I was honoured this past week to have been asked by Mirror.co.uk to pen a tribute to Shirley Crabtree, unquestionably the most recognisable face in British wrestling’s history, to be published fifteen years after his death. Commemorating this anniversary, the piece explores Crabtree’s legacy and his impact on wrestling here in the UK. Read the full Mirror.co.uk article below.
Fifteen years ago today, professional wrestling – and the British entertainment scene as a whole – lost one of its best loved faces.
Shirley Crabtree – better known to millions of fans simply as Big Daddy – passed away at the age of 67 in Halifax General Hospital, following a massive stroke two months previously.
Throughout his near 40-year career, the popular grappler, who weighed in at a colossal 25 stone and was famous for his 64-inch chest, was a genuine force to be reckoned with inside the ring – but on the outside of it, the beloved star was considered a ‘gentle giant’, donating countless hours to children’s charity appearances.
A former rugby league player, Crabtree worked as a coal miner, a lifeguard, and briefly with the British Army’s Coldstream Guards before finding his true calling and following his father Shirley Sr. into the wrestling business in 1952.
Known by a variety of personas during the 1950s and 60s (including ‘Blond Adonis’ Shirley Crabtree, Mr Universe and The Battling Guardsman), the larger-than-life Northern wrestler ran the ropes as both a babyface and heel under these names.
But it was in 1974 that Crabtree’s most-recognised gimmick, that of Big Daddy, was brought to life on ITV’s Saturday afternoon programme World of Sport.
Under the new, memorable name, attention quickly turned towards Big Daddy as he formed a heel tag team with fellow big man Giant Haystacks – with whom he would have many a legendary clash throughout the 1980s.
Big Daddy as a Big Bad Guy didn’t last long however, as it was during his famous feud with Kendo Nagaski in 1975 that he became a fully-fledged fan favourite.
One particularly notable televised encounter in Solihull that December saw Crabtree unmask his mysterious foe to a rapturous reception from the live crowd and a huge TV audience.
As the sport’s biggest star in Great Britain, Crabtree became particularly popular among young fans by coming to the ring bedecked in either a sequined cape or his Union Flag jacket and top hat to the theme tune of ‘We Shall Not Be Moved’ by The Seekers.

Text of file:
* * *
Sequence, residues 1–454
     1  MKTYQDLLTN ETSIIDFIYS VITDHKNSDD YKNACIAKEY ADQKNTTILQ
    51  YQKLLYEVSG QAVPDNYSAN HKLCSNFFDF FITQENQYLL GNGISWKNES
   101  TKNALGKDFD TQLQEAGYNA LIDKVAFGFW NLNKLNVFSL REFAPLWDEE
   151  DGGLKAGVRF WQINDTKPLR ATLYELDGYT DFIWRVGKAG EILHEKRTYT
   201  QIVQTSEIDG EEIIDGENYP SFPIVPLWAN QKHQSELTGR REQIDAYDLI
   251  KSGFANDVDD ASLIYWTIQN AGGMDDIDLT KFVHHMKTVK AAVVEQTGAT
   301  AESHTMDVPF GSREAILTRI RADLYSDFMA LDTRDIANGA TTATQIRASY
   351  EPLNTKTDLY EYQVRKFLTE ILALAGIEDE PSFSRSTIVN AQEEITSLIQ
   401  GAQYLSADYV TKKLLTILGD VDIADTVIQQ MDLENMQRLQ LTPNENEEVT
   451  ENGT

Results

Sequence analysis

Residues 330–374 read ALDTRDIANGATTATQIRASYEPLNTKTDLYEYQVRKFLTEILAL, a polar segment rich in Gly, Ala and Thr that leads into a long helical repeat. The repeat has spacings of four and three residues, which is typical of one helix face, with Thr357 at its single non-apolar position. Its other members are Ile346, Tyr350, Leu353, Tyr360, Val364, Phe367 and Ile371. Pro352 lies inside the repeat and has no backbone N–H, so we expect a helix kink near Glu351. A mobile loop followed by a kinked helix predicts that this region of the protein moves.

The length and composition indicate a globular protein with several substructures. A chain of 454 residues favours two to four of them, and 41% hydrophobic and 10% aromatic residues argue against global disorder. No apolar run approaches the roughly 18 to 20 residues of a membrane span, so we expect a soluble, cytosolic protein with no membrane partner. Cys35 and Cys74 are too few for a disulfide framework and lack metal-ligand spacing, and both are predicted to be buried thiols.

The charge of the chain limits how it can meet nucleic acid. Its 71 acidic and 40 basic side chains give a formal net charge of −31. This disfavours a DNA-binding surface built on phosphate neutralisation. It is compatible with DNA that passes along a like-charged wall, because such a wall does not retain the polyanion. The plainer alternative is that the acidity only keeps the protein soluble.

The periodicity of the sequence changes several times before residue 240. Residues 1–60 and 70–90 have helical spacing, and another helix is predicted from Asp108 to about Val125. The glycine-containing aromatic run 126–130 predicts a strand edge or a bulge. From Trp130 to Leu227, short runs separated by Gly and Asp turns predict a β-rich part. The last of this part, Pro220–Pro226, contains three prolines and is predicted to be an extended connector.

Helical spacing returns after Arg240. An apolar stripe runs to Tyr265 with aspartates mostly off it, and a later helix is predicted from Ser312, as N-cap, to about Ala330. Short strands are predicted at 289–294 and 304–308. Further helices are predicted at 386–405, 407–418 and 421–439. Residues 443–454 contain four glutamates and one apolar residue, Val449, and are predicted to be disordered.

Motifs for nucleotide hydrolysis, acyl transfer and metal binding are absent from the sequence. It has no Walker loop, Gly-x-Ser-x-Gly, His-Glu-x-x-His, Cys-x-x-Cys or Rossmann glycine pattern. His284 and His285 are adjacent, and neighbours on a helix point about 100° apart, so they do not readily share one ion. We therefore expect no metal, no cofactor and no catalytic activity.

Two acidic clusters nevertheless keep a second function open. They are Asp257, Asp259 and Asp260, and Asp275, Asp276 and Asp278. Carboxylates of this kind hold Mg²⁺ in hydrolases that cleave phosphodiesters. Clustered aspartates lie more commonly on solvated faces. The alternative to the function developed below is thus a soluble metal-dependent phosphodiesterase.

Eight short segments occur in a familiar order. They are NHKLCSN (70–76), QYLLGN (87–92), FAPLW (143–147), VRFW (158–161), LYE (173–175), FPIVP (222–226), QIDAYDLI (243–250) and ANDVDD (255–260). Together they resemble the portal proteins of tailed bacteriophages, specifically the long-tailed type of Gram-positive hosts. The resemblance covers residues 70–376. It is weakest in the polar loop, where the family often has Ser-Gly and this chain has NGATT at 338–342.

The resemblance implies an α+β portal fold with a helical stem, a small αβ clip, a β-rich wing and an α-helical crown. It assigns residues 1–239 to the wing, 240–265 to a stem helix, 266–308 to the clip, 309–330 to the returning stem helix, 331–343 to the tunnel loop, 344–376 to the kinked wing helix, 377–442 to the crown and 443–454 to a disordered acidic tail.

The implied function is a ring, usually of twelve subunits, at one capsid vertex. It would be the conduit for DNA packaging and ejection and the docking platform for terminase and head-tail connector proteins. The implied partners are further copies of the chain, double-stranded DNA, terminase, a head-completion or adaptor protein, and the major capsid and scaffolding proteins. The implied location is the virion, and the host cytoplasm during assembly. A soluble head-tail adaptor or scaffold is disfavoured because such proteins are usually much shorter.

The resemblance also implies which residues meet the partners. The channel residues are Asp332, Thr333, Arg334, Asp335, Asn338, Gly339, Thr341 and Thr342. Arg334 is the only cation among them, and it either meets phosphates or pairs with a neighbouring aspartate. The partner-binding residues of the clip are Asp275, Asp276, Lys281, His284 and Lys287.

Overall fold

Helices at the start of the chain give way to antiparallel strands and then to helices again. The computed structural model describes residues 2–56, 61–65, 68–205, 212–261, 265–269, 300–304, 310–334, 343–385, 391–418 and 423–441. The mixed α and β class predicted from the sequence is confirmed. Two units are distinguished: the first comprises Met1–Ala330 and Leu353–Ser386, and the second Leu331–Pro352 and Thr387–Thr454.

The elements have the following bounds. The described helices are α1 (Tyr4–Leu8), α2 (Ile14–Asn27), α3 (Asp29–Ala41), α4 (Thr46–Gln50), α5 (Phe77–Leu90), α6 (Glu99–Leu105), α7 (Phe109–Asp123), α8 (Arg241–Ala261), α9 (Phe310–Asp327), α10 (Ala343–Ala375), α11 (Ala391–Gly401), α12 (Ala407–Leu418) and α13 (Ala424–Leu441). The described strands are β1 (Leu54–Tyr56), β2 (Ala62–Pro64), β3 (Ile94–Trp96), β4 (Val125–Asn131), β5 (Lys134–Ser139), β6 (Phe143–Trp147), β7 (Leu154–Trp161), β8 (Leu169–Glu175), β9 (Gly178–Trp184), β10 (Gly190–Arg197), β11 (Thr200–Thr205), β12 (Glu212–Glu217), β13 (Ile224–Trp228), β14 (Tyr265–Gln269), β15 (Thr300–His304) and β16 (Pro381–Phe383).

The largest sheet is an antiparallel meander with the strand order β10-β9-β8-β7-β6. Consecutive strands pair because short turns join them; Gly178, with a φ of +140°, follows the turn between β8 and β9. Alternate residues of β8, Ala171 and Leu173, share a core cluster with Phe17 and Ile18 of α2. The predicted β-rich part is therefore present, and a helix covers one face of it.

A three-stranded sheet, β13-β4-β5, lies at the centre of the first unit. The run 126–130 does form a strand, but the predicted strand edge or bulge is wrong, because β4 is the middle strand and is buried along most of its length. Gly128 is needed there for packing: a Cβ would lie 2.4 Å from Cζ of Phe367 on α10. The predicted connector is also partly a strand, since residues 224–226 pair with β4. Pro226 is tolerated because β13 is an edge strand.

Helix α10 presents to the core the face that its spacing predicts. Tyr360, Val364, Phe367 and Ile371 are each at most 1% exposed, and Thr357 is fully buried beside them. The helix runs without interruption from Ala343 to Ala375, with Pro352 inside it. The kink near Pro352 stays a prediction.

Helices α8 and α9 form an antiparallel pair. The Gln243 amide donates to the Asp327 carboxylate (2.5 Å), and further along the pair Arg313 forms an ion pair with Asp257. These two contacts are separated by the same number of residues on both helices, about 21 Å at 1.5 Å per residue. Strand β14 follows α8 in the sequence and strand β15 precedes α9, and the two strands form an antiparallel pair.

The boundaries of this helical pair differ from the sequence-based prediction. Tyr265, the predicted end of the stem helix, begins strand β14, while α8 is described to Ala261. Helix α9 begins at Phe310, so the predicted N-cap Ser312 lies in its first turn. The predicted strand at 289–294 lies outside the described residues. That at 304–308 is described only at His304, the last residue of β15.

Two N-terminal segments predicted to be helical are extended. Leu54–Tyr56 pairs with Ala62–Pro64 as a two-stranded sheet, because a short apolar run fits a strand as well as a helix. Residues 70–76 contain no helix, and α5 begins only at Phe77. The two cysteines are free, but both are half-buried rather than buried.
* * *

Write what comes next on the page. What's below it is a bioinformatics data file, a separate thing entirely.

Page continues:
While by no means the most athletic of competitors inside the squared circle, Big Daddy’s overwhelming popularity covered up for this shortcoming to a large extent, leading the crowds with chants of “Easy, Easy” before finishing off competitors with his trademark Big Splash.
Big Daddy’s staggeringly successful career spanned the best part of four decades and, towards the end, would see him share the ring with the likes of future WWE stars ‘Tom ‘Dynamite Kid’ Billington, Dave ‘Fit’ Finlay and William Regal – but it is perhaps the mainstream attention that he brought to the sport that was his greatest achievement.
Thanks to his tremendous charisma, Crabtree transcended the sport that made him a star and brought a wealth of new UK fans to professional wrestling.
Going beyond the squared circle, at his most popular period Crabtree appeared on Surprise, Surprise, was featured on This Is Your Life, was interviewed by Terry Wogan, advertised ketchup and, rather remarkably, had famous fans in both then-Prime Minister Margaret Thatcher and The Queen.
I became a wrestling fan in the early 1990s, with my first introduction to the sport being the World Wrestling Federation’s monumentally successful SummerSlam 1992 show from Wembley Stadium.
At the time, I had little comprehension that wrestling – which I perceived as an American product – had such a rich history here in the UK. At the time that I became a fan, British wrestling’s telly zenith had already passed after ITV binned coverage in 1988.
Yet despite American professional wrestling’s huge worldwide popularity over the past twenty years – giving rise to household names such as Hulk Hogan and Stone Cold Steve Austin, as well as producing a true Hollywood A-lister in Dwayne ‘The Rock’ Johnson – whenever I meet someone new and mention to them that I enjoy watching wrestling, the first name that is always quoted back to me, without fail, is Big Daddy.
Decades on, his legendary clashes with the likes of Giant Haystacks and Mick McManus are still remembered fondly by several generations.
For those fans of the sport, there were few bigger stars in this country – quite literally – than Crabtree during the 1970s and 80s.
There continues to be a huge appetite for wrestling in this country – as evidenced by both the number of homegrown promotions in existence currently and the fiercely passionate crowds at both WWE and TNA’s UK shows this year.
It remains to be seen, however, whether professional wrestling will ever again reach the level of popularity domestically that it achieved with Big Daddy at the top.
And that is a legacy not soon forgotten.